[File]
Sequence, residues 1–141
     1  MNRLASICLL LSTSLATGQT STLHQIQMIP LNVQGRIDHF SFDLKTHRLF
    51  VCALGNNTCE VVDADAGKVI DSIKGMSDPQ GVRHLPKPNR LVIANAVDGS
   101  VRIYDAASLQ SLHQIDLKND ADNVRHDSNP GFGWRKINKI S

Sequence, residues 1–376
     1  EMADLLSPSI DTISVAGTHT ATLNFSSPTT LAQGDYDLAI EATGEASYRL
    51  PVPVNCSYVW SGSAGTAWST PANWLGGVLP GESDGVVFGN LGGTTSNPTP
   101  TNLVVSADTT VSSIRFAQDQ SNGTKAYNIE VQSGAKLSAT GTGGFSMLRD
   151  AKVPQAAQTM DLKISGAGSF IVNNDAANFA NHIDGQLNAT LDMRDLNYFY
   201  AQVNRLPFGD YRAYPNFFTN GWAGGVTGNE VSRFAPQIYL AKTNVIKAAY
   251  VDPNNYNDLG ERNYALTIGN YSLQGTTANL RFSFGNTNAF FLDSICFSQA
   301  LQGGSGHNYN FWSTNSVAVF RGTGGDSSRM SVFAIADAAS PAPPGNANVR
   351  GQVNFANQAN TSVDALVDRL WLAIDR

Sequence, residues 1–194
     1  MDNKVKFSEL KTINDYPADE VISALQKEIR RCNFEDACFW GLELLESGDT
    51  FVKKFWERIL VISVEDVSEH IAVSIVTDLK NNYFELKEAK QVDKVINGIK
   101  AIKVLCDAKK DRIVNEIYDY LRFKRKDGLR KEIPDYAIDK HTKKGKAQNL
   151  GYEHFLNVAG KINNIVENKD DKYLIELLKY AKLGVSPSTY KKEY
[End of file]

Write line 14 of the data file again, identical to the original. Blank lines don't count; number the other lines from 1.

Sequence, residues 1–194